Religion and rainbow ideology at odds in schools

The conflict between religion and rainbow ideology is being realised in schools across the globe. Teachers, other school staff and students are bearing the brunt of activism being played out on school grounds.

A UK chaplain has even been reported to an anti-terrorism programme, called Prevent, for daring to tell students they could weigh up the information presented to them and draw their own conclusions about rainbow ideology.

The Reverend Dr Bernard Randall told pupils at independent Trent College near Nottingham that they were allowed to disagree with the measures, particularly if they felt they ran contrary to Church of England principles.

Among them was a plan to ‘develop a whole school LGBT+ inclusive curriculum’.

Having decided that Dr Randall’s sermon was ‘harmful to LGBT’ students, the school flagged him to Prevent, which normally identifies those at risk of radicalisation.

Unsurprisingly, the Police said that he posed ‘no counter terrorism risk, or risk of radicalisation’.

In his sermon to the students Randall presented reasonable, logical, scientific and religious arguments for tolerance, respect and engagement with issues.

“Now when ideologies compete, we should not descend into abuse, we should respect the beliefs of others, even where we disagree. Above all, we need to treat each other with respect, not personal attacks – that’s what loving your neighbour as yourself means.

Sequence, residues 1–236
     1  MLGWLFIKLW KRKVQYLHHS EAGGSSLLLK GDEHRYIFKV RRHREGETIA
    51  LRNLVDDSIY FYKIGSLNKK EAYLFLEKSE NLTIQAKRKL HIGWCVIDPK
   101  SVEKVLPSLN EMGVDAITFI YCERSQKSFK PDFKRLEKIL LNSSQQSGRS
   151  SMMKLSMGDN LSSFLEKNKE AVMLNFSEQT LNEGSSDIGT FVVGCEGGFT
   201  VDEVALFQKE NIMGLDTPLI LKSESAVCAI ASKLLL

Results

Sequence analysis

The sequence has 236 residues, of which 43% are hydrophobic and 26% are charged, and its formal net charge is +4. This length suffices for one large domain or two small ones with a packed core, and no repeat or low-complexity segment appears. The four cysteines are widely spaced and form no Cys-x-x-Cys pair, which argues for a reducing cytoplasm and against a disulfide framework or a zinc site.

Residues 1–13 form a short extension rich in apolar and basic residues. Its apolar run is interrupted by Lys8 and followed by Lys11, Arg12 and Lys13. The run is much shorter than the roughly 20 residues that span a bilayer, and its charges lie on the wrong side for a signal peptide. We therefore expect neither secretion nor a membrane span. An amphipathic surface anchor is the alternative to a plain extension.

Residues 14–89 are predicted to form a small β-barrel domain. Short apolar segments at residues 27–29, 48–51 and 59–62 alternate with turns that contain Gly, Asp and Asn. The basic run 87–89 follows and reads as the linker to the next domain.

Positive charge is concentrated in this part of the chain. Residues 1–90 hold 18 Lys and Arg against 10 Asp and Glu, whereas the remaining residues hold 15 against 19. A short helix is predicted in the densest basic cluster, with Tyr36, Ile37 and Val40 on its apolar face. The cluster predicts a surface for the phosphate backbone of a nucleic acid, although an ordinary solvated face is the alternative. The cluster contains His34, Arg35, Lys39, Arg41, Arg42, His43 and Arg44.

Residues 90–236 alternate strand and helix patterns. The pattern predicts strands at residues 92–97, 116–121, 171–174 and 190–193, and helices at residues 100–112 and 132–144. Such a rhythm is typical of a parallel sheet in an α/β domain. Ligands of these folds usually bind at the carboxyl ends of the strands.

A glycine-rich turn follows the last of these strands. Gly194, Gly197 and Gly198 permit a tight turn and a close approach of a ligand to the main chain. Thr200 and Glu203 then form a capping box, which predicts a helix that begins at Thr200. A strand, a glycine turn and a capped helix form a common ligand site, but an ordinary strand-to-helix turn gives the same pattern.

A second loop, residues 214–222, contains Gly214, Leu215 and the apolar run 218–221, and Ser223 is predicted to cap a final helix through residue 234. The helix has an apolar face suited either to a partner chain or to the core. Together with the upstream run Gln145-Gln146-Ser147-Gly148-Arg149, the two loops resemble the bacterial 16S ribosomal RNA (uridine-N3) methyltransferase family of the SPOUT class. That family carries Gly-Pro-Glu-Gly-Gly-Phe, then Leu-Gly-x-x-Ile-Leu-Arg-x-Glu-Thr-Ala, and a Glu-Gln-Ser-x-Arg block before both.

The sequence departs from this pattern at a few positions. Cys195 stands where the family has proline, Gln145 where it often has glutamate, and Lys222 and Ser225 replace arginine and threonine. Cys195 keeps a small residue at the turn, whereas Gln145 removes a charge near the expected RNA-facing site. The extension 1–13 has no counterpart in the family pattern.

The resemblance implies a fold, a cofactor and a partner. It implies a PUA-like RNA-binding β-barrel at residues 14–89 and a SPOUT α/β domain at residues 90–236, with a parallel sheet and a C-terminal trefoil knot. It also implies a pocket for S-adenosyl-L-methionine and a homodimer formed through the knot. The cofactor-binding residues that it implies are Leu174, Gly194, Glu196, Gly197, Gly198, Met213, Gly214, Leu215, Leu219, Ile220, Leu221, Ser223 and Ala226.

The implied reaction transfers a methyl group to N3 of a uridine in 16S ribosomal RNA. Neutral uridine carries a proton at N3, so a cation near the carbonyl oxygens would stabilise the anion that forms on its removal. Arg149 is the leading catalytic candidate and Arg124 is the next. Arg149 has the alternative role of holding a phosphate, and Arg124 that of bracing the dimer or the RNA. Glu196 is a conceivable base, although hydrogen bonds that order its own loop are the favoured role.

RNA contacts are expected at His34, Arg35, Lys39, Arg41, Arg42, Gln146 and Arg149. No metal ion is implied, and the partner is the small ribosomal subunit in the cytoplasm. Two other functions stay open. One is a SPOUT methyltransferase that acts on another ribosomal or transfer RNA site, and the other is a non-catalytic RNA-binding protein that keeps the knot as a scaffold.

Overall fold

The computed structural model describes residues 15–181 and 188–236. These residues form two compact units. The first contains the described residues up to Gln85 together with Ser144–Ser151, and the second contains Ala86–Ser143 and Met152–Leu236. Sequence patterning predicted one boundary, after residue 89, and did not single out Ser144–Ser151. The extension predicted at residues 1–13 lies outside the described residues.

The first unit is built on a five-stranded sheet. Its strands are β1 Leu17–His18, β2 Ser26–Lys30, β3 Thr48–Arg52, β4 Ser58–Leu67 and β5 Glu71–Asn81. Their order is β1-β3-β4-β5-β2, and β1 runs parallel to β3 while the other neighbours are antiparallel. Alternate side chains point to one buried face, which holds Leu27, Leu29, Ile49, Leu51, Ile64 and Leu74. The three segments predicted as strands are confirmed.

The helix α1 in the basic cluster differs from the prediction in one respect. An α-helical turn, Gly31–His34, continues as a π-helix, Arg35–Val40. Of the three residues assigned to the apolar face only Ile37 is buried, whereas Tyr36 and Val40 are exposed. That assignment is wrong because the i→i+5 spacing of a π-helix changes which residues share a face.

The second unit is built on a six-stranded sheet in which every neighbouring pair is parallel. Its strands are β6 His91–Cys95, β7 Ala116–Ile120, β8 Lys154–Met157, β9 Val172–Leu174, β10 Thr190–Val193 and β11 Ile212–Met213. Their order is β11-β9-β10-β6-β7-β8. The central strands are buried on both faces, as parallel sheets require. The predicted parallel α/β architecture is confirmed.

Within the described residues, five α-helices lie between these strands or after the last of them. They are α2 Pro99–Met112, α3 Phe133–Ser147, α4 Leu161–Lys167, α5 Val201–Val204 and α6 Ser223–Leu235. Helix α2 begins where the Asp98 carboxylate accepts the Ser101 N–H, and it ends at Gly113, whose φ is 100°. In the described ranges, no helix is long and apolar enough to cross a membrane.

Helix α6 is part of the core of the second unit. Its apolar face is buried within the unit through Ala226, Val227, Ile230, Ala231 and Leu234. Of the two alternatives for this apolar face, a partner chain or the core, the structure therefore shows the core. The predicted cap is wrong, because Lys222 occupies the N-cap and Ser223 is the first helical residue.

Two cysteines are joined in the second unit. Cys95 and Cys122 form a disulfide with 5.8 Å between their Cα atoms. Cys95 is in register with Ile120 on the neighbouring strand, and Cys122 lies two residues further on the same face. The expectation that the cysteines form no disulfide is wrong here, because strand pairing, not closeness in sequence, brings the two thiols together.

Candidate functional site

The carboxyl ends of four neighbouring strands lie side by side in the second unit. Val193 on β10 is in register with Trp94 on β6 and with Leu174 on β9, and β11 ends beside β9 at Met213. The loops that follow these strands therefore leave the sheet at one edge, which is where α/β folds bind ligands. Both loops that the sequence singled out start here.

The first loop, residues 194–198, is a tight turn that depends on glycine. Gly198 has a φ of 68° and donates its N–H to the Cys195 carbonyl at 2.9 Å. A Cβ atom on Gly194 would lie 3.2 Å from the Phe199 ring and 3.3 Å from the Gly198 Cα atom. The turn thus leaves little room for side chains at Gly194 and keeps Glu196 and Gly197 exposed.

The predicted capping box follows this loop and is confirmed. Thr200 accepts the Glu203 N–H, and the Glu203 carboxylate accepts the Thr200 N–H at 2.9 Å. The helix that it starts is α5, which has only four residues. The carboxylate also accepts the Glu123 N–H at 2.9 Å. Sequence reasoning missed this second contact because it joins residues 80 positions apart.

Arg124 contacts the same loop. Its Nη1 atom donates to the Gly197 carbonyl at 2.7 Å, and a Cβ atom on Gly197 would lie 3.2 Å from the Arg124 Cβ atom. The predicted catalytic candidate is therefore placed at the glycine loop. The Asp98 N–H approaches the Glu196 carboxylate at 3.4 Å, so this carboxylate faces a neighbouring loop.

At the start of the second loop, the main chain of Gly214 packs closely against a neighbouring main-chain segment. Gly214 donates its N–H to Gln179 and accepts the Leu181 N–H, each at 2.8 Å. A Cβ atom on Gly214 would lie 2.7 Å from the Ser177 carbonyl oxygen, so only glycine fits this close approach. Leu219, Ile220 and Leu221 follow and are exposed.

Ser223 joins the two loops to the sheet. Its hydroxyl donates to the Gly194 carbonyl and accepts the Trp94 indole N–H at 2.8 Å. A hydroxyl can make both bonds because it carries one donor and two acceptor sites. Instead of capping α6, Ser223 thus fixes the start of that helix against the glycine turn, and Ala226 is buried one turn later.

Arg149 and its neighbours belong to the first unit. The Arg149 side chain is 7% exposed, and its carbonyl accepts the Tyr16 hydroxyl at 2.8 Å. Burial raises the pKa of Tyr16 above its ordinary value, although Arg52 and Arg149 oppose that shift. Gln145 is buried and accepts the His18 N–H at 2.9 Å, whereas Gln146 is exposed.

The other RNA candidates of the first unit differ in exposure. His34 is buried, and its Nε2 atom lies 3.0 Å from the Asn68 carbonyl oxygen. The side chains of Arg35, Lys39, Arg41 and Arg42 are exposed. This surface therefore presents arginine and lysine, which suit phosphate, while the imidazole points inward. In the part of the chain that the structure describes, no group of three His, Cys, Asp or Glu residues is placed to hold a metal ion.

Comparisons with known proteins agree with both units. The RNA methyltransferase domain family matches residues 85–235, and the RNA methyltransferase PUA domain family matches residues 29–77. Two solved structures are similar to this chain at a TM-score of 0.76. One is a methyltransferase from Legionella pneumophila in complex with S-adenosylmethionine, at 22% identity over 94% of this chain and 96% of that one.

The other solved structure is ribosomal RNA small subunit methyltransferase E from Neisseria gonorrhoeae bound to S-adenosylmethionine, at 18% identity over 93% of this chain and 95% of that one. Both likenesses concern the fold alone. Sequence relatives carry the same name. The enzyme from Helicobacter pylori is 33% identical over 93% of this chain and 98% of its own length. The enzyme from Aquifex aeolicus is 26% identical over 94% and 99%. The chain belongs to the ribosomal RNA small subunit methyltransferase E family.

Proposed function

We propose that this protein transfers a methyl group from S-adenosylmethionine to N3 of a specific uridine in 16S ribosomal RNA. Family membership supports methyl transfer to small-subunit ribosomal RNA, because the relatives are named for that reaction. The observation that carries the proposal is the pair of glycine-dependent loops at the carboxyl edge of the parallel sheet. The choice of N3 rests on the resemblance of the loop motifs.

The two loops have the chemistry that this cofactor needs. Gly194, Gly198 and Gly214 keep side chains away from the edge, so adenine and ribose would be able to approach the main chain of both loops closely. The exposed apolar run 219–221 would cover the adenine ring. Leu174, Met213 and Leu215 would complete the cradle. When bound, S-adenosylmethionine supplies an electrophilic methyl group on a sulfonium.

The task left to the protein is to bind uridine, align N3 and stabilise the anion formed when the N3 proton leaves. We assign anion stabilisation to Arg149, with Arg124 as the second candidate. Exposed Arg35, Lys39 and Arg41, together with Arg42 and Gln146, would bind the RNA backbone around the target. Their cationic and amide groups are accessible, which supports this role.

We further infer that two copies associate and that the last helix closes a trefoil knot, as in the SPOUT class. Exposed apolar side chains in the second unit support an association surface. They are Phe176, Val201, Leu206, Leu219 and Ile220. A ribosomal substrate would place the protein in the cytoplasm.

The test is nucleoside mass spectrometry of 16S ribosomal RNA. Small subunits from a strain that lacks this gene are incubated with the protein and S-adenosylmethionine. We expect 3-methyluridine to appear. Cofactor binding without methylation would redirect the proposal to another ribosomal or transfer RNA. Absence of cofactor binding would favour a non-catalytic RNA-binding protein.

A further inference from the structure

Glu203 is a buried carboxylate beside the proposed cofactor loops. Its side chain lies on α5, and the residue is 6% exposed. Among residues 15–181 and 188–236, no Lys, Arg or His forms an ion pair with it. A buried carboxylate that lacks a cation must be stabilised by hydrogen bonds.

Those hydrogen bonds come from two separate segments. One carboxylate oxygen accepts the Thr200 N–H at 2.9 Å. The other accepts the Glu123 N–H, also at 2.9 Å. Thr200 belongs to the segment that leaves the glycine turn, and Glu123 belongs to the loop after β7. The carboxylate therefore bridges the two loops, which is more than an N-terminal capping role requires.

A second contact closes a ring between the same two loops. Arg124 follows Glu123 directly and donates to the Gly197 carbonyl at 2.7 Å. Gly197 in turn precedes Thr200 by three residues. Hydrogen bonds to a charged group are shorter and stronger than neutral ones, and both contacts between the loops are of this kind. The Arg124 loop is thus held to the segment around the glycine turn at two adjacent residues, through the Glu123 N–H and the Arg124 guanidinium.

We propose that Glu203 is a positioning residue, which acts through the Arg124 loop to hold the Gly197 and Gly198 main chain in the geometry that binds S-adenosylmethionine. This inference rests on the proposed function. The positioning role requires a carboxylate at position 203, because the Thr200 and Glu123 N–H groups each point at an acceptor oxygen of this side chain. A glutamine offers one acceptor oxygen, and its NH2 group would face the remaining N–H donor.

“By all means discuss, have a reasoned debate about beliefs, but while it’s OK to try and persuade each other, no one should be told they must accept an ideology. Love the person, even where you profoundly dislike the ideas. Don’t denigrate a person simply for having opinions and beliefs which you don’t share.

“You should no more be told you have to accept LGBT ideology than you should be told you must be in favour of Brexit, or must be Muslim – to both of which I’m sure most of you would quite rightly object.

“So I want to say to everyone, but especially to those who have been troubled, that you are not obliged to accept someone else’s ideology. You are perfectly at liberty to hear ideas out, and then think, ‘No, not for me’.

“No one has the right to tell you that you must lie about these matters, to say things you sincerely believe to be false – that is the tactic of totalitarianism and dictatorship.”

As if to prove his point the Reverend was reported for terrorism!

Toby Young, of the Free Speech Union, said: ‘This is a fantastic sermon, reminding us no one has a monopoly on moral truth. For Bernard Randall to lose his job as a result of this sermon is scandalous.

‘What’s so depressing about his treatment is the message it sends to the pupils. The central theme of his sermon is that children shouldn’t be afraid to think for themselves. But the message the school has sent is the opposite. Schools should be teaching children how to think, not what to think.’

Randall is now suing the school, who threatened to censor any future sermons, with discrimination, harassment, victimisation and unfair dismissal.

Binary spokeswoman, Kirralie Smith, said the treatment of the Reverend was unacceptable.

“The only thing that Randall incited the students to do was to listen, respond lovingly, use critical thinking and draw their own conclusions. Radical gender activists are never satisfied with evidence-based arguments, relying instead on highly emotive accusations that have no substance. Cancellation and censorship are their weapons of choice and they must be challenged over this unacceptable behaviour.”